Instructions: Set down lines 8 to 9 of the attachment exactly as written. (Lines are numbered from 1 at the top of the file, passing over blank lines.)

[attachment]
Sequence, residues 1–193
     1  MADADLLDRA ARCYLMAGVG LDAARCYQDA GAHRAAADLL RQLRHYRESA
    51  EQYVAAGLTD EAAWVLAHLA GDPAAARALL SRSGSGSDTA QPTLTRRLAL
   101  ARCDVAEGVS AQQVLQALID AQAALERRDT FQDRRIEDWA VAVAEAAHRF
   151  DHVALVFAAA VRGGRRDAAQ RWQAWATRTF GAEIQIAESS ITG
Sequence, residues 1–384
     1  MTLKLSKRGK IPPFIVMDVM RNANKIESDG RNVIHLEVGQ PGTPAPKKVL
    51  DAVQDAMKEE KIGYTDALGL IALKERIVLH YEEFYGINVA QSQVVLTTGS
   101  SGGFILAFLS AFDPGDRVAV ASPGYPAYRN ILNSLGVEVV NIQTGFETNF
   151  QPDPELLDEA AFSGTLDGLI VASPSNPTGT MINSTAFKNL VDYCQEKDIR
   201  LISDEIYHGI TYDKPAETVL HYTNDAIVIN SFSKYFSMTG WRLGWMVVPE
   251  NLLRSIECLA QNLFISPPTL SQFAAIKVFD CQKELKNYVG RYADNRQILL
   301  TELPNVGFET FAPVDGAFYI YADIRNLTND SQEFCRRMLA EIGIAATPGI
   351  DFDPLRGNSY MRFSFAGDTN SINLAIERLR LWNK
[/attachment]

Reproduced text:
    51  DAVQDAMKEE KIGYTDALGL IALKERIVLH YEEFYGINVA QSQVVLTTGS
   101  SGGFILAFLS AFDPGDRVAV ASPGYPAYRN ILNSLGVEVV NIQTGFETNF